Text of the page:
ANNIHILATION, the first book in Jeff VanderMeer‘s Southern Reach trilogy, was a thrilling challenge to the division between science fiction and literary fiction, and one of the most visceral and refreshing reading experiences I’ve had in quite some time.
Now, mere weeks after ANNIHILATION’s release, the second volume is upon us.
AUTHORITY is not the sequel readers will expect. If you’re hoping for another breathless adventure through the wilderness, you’ll be surprised. AUTHORITY is claustrophobic, confining itself primarily indoors. Instead of Area X, the novel explores the Orwellian headquarters of the Southern Reach, full of secrets, lies, and the truly strange.
You’ll watch footage from the first mission, visit the border, and learn a lot more about the expedition members from the first book and the scientific experiments performed over the past few decades.
The setting may have changed, but reality and perception prove to be just as slippery as in ANNIHILATION.
Here are a few things writers can learn from AUTHORITY.
Don’t Give ‘Em What They Want
Writing good fiction is all about creating appetites, frustrating those appetites, and then–eventually–satisfying them in unexpected ways. The first part of that equation means getting your readers to ask questions. Instead of force-feeding a bunch of exposition, AUTHORITY creates knowledge gaps that lead to suspense when the reader asks who, what, where, when, and why.
Take Twin Peaks. Who was Laura Palmer? Who killed her? Why? And what’s the deal with her mother’s visions?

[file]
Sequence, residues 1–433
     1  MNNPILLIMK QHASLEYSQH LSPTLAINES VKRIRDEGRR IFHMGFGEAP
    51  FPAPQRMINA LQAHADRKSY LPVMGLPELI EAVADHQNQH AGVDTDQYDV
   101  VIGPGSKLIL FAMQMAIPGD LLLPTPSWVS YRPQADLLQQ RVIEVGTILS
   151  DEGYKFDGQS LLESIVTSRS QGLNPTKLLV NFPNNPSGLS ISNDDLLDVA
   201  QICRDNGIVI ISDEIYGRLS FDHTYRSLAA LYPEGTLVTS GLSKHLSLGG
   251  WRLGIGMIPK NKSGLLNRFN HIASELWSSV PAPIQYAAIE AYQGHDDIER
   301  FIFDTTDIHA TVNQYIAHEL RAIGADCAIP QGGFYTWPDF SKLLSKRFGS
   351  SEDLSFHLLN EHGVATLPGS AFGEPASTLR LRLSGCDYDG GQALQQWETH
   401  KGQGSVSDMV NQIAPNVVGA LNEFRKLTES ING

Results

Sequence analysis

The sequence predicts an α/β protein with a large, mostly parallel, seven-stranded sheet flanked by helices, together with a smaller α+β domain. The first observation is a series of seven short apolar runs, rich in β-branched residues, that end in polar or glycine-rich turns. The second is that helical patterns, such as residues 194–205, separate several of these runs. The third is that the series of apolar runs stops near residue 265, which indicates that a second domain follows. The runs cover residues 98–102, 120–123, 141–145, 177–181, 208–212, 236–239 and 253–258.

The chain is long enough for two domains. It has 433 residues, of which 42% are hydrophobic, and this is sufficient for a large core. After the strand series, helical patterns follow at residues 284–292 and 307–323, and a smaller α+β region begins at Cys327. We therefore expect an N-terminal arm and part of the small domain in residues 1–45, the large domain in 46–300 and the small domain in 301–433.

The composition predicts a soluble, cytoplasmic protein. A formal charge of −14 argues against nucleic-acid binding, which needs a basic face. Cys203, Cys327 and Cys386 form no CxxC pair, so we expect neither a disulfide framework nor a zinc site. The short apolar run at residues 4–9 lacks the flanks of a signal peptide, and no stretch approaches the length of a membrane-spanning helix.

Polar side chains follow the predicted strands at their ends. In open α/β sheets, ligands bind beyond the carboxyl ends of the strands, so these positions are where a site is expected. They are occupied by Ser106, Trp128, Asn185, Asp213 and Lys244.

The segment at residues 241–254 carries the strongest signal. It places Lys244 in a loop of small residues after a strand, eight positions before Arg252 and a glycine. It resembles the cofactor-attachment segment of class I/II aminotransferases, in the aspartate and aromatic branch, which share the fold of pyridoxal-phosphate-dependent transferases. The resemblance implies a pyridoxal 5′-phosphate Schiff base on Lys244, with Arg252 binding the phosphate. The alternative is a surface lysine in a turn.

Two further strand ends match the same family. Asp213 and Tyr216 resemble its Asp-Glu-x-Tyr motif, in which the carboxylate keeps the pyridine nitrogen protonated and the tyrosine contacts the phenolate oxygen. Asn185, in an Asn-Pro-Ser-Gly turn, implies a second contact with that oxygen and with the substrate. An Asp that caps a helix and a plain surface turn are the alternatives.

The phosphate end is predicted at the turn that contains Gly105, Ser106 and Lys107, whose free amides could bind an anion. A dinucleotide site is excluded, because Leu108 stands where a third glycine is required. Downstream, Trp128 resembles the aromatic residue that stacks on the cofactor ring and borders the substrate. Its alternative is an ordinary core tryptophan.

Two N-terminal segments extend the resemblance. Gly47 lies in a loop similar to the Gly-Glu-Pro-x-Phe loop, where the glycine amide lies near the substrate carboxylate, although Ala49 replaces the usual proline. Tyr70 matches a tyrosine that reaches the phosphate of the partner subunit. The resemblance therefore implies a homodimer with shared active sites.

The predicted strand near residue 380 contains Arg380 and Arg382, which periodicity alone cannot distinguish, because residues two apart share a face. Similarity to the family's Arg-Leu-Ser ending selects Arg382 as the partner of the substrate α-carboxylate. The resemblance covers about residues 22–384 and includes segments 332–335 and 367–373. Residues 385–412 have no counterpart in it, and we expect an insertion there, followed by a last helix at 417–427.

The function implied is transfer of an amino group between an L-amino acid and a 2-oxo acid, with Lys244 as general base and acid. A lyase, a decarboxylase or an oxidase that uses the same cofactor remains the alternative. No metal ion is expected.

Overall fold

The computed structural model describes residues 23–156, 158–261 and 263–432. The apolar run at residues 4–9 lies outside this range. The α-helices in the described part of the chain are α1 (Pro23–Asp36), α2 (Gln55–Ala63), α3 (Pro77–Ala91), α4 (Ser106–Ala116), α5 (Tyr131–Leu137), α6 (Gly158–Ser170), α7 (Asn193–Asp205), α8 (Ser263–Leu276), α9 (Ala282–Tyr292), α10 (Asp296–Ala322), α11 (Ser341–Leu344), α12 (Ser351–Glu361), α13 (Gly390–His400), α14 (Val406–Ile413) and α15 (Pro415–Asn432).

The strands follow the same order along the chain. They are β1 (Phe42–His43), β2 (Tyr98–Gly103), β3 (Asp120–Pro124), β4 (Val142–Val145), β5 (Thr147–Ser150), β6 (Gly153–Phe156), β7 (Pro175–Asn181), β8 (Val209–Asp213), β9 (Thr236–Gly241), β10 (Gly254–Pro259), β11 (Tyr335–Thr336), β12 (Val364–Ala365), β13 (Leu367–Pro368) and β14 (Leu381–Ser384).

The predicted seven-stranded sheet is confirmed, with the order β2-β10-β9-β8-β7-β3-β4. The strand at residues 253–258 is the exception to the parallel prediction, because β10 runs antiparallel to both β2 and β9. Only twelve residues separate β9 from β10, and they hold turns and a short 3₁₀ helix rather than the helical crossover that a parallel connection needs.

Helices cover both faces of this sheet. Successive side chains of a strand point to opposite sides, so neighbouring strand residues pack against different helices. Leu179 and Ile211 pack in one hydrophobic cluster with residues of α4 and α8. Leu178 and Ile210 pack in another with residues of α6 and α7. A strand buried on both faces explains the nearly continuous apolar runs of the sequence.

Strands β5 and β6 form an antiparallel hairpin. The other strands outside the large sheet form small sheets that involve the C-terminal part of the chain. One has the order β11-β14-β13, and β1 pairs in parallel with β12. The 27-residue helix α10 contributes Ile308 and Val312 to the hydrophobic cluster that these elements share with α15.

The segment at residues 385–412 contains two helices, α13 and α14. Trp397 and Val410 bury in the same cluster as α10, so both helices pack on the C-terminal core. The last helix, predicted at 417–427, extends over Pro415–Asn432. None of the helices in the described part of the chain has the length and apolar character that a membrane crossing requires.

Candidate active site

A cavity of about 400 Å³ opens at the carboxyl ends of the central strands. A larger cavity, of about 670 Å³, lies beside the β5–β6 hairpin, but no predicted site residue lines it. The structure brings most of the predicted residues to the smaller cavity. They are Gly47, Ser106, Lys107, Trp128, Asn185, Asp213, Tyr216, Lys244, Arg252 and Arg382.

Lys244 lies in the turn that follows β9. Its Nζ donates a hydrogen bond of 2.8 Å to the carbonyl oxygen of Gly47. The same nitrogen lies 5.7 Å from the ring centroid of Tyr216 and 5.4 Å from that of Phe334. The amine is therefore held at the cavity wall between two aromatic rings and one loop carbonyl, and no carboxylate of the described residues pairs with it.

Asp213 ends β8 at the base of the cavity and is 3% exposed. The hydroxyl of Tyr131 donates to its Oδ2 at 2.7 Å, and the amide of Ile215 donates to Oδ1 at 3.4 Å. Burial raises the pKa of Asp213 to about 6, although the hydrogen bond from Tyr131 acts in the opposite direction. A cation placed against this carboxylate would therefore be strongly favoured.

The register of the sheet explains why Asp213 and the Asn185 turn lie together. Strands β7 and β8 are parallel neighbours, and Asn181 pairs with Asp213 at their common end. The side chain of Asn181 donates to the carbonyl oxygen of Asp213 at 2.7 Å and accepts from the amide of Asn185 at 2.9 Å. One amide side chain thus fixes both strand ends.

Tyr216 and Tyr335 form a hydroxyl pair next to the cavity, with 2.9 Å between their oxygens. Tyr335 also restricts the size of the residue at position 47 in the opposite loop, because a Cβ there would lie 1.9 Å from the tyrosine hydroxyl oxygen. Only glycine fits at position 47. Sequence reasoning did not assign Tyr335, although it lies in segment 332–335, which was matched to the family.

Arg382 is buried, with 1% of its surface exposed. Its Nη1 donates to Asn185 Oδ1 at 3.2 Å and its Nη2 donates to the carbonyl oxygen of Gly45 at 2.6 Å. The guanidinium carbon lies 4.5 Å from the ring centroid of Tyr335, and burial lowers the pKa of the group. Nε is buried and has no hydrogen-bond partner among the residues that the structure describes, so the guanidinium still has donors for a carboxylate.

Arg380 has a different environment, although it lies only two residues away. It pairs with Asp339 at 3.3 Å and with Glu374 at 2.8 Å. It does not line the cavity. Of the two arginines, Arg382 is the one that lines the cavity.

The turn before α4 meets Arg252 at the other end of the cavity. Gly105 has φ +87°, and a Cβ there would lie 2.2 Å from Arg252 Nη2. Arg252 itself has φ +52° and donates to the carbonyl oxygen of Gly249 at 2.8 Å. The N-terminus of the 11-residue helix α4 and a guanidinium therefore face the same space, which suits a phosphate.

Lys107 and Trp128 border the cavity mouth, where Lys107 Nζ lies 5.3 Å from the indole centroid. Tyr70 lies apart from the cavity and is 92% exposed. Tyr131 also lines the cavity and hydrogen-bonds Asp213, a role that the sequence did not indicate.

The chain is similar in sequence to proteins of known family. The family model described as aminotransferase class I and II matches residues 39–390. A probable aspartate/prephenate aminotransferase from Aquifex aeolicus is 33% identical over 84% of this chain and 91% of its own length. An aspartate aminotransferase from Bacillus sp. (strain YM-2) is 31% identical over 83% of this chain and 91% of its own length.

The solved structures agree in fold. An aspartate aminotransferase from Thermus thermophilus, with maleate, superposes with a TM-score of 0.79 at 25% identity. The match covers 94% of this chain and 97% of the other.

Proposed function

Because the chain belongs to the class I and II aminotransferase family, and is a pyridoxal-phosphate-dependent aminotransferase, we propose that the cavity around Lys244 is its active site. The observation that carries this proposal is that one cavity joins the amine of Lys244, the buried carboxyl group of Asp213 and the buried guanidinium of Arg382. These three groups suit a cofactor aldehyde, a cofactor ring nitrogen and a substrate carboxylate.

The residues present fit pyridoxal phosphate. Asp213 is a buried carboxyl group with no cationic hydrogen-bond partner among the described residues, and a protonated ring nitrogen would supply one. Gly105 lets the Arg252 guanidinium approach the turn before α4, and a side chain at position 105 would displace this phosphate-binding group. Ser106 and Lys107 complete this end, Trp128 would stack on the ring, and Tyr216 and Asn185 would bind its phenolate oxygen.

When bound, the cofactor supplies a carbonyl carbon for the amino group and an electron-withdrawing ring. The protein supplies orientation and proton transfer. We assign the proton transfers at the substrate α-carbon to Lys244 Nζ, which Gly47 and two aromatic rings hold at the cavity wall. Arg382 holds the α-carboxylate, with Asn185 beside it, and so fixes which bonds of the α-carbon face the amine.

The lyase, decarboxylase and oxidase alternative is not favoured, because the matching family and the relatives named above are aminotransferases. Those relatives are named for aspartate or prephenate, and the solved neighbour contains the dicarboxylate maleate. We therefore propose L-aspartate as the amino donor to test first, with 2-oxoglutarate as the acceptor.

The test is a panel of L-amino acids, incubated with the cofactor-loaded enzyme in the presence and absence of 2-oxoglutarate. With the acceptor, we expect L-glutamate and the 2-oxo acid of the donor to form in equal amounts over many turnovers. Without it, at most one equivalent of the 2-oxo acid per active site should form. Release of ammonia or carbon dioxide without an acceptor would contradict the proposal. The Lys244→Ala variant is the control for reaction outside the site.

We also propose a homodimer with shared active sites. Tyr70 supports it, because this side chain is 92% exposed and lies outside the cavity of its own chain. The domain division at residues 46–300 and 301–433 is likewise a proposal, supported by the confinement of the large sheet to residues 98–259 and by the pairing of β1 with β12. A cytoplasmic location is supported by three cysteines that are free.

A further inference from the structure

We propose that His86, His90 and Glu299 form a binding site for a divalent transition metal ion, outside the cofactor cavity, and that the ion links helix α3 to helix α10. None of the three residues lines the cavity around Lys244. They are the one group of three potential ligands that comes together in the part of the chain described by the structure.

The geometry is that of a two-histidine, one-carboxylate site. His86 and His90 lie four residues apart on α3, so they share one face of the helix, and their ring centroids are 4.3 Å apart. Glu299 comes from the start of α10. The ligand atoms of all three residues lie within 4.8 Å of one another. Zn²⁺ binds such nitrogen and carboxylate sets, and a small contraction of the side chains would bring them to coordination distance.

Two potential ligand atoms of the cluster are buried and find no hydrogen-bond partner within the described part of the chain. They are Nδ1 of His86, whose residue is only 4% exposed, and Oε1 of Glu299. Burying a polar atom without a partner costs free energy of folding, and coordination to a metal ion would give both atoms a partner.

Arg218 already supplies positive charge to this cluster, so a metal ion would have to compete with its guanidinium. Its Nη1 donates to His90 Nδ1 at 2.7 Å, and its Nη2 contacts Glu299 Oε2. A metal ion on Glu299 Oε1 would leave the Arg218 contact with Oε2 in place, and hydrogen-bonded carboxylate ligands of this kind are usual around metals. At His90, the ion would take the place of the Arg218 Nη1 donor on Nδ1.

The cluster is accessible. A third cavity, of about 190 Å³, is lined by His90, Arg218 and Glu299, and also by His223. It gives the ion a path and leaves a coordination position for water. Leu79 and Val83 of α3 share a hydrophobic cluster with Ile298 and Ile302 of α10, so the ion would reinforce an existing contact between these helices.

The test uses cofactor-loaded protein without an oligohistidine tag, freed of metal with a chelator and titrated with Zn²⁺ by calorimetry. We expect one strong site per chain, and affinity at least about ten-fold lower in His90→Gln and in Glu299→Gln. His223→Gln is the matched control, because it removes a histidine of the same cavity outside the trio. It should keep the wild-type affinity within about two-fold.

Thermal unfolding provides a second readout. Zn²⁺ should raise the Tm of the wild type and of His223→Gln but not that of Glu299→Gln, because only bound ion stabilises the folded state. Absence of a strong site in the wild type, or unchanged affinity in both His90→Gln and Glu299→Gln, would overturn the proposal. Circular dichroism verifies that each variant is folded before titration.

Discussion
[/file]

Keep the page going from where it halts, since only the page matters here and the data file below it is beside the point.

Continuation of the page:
The next step is to frustrate the reader’s appetite for answers. It’s a hard balance to strike. On the one hand, you can’t delay satisfaction for too long (see AMC’s The Killing). On the other, you can’t give your readers exactly what they want, when they want it.
AUTHORITY strikes this balance well. For one, the entire book represents the frustration of an appetite (MOAR AREA ECKS!) by pivoting from the forest to the office. And then, while a few of the biggest questions from the first book are answered, they never come when–or how–you might expect them.
Suggest Instead of Describe
In his treatise on writing fiction, THE HALF-KNOWN WORLD, Robert Boswell implores writers to “suggest a dimension to the fictional reality that escapes comprehension.” No one does this better than VanderMeer and his Weird Fiction contemporaries, like China Miéville and Jeffrey Ford. They do not supply a glossary, or a labeled map, or a historical timeline. They invite you to write in the margins of their books as you try to piece their stories together.
VanderMeer’s world-building techniques are subtle and implicit. He invokes the idea of a place–or a feeling–within the reader’s psyche. Explicit world-building (i.e., fully known worlds and fully known characters) are boring.
“The audience must participate in the creation of the world,” Boswell says, and the techniques VanderMeer used in ANNIHILATION to create atmosphere and suspense are just as effective in AUTHORITY.
If you’ve just finished writing the first book in a series, but aren’t sure how to start the second, it may help to think of your sequel as a response instead of just a continuation. Narratively, the story must progress forward (even if it wanders backward in time), but conceptually and stylistically, it need not be more of the same. In fact, good sequels rarely are.
Sequels that merely mimic the formulae of their predecessors (e.g., Taken 2, Iron Man 2, The Lost Symbol) are often doomed to fail. Sequels that provide an entirely different experience (e.g., The Godfather Part 2, The Dark Knight, A Subtle Knife) succeed in part because they explore the story from a new and different angle.
AUTHORITY deepens the mystery of Area X by establishing a polyphony of perspectives on the trilogy’s overarching narrative.
AUTHORITY is due out May 6. The third and final novel in the series, ACCEPTANCE, won’t hit shelves until September, but kudos to FSG Originals for publishing all three books in a single calendar year.
Update: It looks like Jeff enjoyed the article.